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Contact Center Becomes a Second Choice
When self-service via the Web fails, then customers call the contact center, NICE research finds.
Posted May 20, 2011
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NICE Systems today released survey results that found the contact center evolving to "Tier 2" status for taking care of escalated service requests that were not addressed by other channels, such as the Web or an interactive voice response (IVR) system.

This change in consumer behavior, which was revealed in the company's 2010 Consumer Channel Preference Survey, reflects the importance and strategic role the contact center must play as the front line of an organization's person-to-person customer interactions. It also highlights an opportunity for reducing the number of calls deflected into the contact center by enhancing Web self-service functionality. To do this, however, an organization requires cross-channel insights that are derived from both the Web and the contact center interactions.

The survey polled more than 2,000 people between the ages of 18 and 65 in the United Kingdom, Australia, and the United States regarding channel preferences when contacting companies in the following industries: financial services, telecom, retail, travel, and insurance. It revealed that consumers often use a variety of communication channels. When they are unable to resolve an issue during their initial contact with a business, they most often turn to the contact center.

In such a case, the stakes are raised for an organization, as consumers calling a contact center are frustrated, well-informed, and their main concern is having their issues addressed effectively. From their perspective, they have begun an interaction journey that started at a prior touch point. This means that even if an issue is resolved by the contact center representative the customer will not consider it a first contact resolution.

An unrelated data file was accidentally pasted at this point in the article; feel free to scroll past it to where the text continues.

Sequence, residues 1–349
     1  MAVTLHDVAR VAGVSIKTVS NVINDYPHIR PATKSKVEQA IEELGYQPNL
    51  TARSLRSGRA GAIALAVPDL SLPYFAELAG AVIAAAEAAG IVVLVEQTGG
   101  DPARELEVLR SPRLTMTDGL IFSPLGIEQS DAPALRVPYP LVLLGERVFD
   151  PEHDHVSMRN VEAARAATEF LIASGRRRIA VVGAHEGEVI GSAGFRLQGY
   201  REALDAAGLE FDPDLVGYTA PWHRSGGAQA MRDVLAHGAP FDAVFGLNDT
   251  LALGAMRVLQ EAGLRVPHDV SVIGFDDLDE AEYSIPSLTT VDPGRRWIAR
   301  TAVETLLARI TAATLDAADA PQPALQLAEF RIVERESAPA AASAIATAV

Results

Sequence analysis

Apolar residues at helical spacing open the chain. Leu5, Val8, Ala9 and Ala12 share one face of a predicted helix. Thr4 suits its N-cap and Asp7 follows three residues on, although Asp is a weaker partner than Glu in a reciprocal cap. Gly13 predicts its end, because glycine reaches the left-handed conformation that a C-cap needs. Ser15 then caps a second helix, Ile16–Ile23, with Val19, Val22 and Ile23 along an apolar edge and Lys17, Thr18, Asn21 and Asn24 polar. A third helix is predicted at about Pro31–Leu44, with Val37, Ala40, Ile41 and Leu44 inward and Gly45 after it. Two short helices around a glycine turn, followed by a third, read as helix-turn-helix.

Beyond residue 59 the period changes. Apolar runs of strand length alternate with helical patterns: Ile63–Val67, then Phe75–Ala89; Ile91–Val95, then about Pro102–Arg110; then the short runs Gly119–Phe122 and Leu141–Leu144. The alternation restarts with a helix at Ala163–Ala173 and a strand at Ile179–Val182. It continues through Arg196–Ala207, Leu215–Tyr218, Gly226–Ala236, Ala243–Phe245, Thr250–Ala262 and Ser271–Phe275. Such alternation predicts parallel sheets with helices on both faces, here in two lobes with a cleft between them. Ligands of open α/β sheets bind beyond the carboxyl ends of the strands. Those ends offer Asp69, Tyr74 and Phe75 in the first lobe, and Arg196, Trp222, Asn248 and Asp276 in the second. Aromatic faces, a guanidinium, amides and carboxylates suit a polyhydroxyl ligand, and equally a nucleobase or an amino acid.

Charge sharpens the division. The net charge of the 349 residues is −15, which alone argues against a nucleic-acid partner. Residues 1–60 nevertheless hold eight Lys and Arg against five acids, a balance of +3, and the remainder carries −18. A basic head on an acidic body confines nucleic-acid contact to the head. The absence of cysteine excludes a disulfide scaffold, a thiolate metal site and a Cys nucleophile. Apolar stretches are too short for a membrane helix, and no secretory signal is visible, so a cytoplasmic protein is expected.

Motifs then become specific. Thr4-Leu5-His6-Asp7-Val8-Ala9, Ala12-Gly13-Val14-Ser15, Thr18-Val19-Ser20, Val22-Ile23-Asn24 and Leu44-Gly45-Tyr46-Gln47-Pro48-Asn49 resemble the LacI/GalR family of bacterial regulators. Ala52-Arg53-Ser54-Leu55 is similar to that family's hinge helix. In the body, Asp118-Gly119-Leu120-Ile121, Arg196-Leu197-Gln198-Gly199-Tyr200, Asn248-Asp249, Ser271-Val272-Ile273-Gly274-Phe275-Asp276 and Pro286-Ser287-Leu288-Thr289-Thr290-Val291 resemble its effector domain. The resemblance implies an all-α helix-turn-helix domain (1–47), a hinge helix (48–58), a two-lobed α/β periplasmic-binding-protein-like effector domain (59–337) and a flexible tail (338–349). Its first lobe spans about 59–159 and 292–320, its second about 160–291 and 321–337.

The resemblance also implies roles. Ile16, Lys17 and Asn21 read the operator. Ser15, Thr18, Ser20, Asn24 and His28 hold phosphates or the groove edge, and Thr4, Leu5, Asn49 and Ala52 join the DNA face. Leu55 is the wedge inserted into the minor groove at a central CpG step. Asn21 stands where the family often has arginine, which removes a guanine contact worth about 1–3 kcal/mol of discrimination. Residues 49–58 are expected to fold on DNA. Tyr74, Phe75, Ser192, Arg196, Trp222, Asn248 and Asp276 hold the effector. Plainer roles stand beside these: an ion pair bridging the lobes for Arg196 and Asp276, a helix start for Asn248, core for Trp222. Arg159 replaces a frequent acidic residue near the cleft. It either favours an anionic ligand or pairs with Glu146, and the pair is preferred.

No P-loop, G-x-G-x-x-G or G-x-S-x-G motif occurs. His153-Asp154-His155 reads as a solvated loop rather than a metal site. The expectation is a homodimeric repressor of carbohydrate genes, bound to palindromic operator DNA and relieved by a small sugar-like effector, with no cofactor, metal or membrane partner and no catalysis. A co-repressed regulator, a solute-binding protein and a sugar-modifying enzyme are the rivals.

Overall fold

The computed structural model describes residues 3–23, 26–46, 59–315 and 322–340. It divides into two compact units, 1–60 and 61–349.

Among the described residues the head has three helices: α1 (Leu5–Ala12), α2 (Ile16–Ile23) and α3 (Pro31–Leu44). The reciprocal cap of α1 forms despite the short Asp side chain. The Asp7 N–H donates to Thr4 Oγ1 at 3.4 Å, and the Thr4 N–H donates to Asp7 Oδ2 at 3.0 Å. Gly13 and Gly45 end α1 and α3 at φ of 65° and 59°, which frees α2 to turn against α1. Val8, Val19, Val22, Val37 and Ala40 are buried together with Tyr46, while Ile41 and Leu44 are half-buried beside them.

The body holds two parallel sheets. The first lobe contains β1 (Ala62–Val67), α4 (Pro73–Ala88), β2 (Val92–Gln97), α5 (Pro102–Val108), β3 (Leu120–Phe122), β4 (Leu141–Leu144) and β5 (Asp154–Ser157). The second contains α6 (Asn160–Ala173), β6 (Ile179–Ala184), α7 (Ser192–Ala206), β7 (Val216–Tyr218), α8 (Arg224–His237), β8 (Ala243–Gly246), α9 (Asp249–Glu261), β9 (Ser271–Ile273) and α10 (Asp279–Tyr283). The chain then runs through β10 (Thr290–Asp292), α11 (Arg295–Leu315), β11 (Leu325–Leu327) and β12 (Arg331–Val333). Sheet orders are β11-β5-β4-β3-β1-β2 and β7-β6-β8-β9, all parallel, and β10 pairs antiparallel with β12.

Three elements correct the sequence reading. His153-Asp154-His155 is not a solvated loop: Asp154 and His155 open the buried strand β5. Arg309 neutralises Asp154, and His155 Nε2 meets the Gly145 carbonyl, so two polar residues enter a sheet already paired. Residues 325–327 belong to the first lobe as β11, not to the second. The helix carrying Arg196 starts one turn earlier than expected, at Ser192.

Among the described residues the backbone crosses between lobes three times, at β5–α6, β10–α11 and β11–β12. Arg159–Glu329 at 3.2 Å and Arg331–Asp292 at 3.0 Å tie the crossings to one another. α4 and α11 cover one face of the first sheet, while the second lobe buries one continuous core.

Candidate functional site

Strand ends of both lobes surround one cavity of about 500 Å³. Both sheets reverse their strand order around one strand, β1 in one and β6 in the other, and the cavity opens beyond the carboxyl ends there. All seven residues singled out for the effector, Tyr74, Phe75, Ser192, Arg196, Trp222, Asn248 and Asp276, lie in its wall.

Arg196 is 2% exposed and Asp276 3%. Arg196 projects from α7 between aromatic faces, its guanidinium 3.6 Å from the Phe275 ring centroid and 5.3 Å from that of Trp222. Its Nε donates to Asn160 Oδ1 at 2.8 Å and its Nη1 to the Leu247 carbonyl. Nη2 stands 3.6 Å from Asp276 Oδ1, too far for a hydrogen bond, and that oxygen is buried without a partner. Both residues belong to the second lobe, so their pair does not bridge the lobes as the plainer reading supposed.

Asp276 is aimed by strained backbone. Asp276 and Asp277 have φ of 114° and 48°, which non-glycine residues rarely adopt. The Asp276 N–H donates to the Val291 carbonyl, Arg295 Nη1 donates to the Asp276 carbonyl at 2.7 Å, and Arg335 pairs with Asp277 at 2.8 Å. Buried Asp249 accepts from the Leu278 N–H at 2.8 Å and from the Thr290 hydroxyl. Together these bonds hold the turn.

The survey also showed that the very nature of this journey means that consumers are turning to contact centers with more complex needs than they did in the past.

Some of the key results of the survey include:

  • 64 percent of consumers surveyed contact a business through its Web site at least monthly; 44 percent call the contact center at least once monthly; and 55 percent visit a physical location;
  • Of those who cannot resolve their issues through the Web site, 53 percent will call the contact center next;
  • In cases where customers do not resolve an issue during a visit to a business's premises (e.g. branch office), 51 percent of respondents then turn to the contact center for assistance;
  • 35 percent of consumers prefer to interact with a live phone representative for service-related issues, whereas only 22 percent prefer to interact with a live phone representative for purchase-related issues.

"Customers today are taking an interaction journey across multiple communication channels before their needs are met," said Benny Einhorn, chief marketing officer at NICE. "This means that there is a paradigm shift in how companies and their contact centers need to measure and ensure first contact resolution as well as improve channel containment."

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